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What sort of men were these, then, who had been torn away from their families, their countries, their religions, with a savagery unparalleled in history?

Gentle men, polite, considerate, unquestionably superior to those who tortured them – that collection of adventurers who slashed and violated and spat on Africa to make the stripping of her the easier.

The men they took away knew how to build houses, govern empires, erect cities, cultivate fields, mine for metals, weave cotton, forge steel.

Their religion had its own beauty, based on mystical connections with the founder of the city. Their customs were pleasing, built on unity, kindness, respect for age.

No coercion, only mutual assistance, the joy of living, a free acceptance of discipline.

Order – Earnestness –Poetry and Freedom.

From the untroubled private citizen to the almost fabulous leader there was an unbroken chain of understanding and trust. No science? Indeed yes; but also, to protect them from fear, they possessed great myths in which the most subtle observation and the most daring imagination were balanced and blended. No art? They had their magnificent sculpture, in which human feeling erupted so unrestrained yet followed the obsessive laws of rhythm in its organization of the major elements of a material called upon to capture, in order to redistribute, the most secret forces of the universe…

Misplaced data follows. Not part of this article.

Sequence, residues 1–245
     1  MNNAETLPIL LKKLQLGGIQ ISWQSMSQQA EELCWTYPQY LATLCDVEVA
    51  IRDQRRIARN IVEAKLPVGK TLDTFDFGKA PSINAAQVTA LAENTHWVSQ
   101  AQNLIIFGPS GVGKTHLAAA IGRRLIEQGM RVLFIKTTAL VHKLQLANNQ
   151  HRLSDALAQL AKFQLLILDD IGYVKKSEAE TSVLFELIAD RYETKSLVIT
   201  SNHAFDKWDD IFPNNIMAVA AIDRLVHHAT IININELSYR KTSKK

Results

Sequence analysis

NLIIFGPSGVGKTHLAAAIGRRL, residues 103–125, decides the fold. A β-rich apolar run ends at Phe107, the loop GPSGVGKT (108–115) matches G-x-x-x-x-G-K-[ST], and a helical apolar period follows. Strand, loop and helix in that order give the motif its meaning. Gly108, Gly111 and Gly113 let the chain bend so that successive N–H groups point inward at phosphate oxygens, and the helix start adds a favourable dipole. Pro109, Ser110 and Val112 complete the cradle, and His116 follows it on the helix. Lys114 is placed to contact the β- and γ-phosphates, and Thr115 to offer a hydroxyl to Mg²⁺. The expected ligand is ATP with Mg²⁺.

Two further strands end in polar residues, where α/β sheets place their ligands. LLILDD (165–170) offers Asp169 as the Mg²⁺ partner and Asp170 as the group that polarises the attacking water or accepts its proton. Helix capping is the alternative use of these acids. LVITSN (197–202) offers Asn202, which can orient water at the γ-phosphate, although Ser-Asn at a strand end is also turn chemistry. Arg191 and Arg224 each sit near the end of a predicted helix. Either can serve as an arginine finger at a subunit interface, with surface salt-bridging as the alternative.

Monuments in the very heart of Africa? Schools? Hospitals? Not a single good burgher of the twentieth century, no Durand, no Smith, no Brown even suspects that such things existed in Africa before the Europeans came…

But Schoelcher reminds us of their presence, discovered by Caillé , Mollien, The Cander brothers. And, though nowhere he reminds us that when the Portuguese landed on the banks of the Congo in 1498, they found a rich and flourishing state there and that the courtiers of Ambas were dressed in robes of silk and brocade, at least he knows that Africa had brought itself up to a juridical concept of the state, and he is aware, living in the very flood of Imperialism, that European civilization, after all, is only one more civilization among many – and far from being the most merciful.

Frantz Fanon, Black skins white masks.


truth aspirin

A reader lives a thousand lives before he dies.


To the natural philosopher there is no natural object unimportant or trifling…
a soap bubble…an apple…a pebble…He walks in the midst of wonders.

JOHN HERSCHEL, A Preliminary Discourse on the Study of Natural Philosophy (1830)

‘I know, and very bad luck it is. But a world in which beastly things can happen to people through no fault of their own_ or, at least not-mainly through their own fault _isn’t hell: it’s only our world all over again. It only has to be faced, like our own world. Even if one was taken there_

Scudamour shuddered. The rest of us thought Ransom was being very unwise, but now I think he was right. He usually is.

‘Even if one was taken in there_ which would be worse than merely seeing one’s double in there_ it wouldn’t be essentially different from other misfortunes. And misfortune is not hell, not by a long way. A man can’t be taken to hell, or sent to hell: you can only get there on your own steam.’


C.S Lewis

The Dark Tower & Other Stories

“Take pride in your pain, you are stronger than those who have none.”

Lois Lowry

The Giver Quartet.